The NSW Labor government’s solar bonus scheme, introduced in 2009, offered households a tariff of 60c per kilowatt hour for electricity produced by their solar panels. After an unexpected surge in applications, Ms Keneally reduced the tariff to 20c last October and capped the overall capacity of the scheme at 300 megawatts. She said this would reduce the scheme’s cost, set to be recouped via electricity bills – from about $4bn between now and 2016 to $1.5bn.
But The Australian has learned that Ms Keneally’s decision to give consumers 24 hours to sign up to the old scheme – and those who had already ordered panels 21 days to register – led to a surge in applications that sent capacity beyond 320 megawatts and the cost of the scheme back up past $2bn.
Last week, as part of her pitch for the March 26 election, Ms Keneally said that the cost of the scheme would no longer be borne by consumers but would be met by the government out of its climate change fund, which is financed by an annual levy on electricity and water companies. She said this would save families more than $100 each year.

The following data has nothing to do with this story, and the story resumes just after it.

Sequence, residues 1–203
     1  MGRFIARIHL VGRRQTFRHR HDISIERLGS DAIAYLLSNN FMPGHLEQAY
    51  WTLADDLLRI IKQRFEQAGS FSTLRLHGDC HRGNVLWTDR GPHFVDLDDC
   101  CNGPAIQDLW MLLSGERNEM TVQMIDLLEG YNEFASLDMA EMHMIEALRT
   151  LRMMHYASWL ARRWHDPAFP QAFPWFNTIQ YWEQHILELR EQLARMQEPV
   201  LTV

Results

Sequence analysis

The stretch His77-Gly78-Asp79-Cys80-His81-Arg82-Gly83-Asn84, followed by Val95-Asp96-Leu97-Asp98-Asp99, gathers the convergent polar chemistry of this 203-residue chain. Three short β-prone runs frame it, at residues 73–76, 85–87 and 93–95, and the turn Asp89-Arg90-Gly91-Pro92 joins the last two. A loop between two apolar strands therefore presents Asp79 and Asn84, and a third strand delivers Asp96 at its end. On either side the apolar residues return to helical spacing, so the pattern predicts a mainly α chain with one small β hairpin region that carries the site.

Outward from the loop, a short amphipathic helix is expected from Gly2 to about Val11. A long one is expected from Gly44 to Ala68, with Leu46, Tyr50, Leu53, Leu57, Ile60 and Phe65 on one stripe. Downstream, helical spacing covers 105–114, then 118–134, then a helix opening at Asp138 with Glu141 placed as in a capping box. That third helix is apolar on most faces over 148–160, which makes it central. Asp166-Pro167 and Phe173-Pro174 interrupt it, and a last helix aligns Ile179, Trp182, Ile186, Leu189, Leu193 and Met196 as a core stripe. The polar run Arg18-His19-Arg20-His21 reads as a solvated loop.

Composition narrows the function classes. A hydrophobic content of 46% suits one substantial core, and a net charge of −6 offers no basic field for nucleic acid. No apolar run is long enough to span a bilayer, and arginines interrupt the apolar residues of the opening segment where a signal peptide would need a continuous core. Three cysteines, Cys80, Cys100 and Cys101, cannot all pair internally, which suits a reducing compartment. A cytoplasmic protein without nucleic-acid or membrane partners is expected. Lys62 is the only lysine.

Even before the latest blowout, it has emerged that the fund would have to be almost doubled to pay for the scheme, increasing by $100m the annual charge on electricity companies, which they would then try to recoup from consumers.
A spokesman for Ms Keneally last night admitted for the first time that the climate change fund would need to be increased by $100m each year.
I tend to think that Ms Keneally is probably hoping that she actually loses her own seat because the pain of having to sit in the next parliament when her party will be holding its caucus meetings in telephone box ….
As for solar subsidies Hmm I told you so…..
Second only to Brother Number One in terms of the having the darkest prospects for a political future has to be Kristina Keneally especially with the news that two more of her ministers are resigning under a cloud of apparent misbehaviour.
THE atmosphere of crisis surrounding the NSW Labor government has deepened, with two more ministers jumping ship yesterday.
Regional Development and Major Events Minister Ian Macdonald resigned last night, admitting a $2800 airfare to Dubai and Italy he had claimed to have paid for himself was “inadvertently” billed to taxpayers.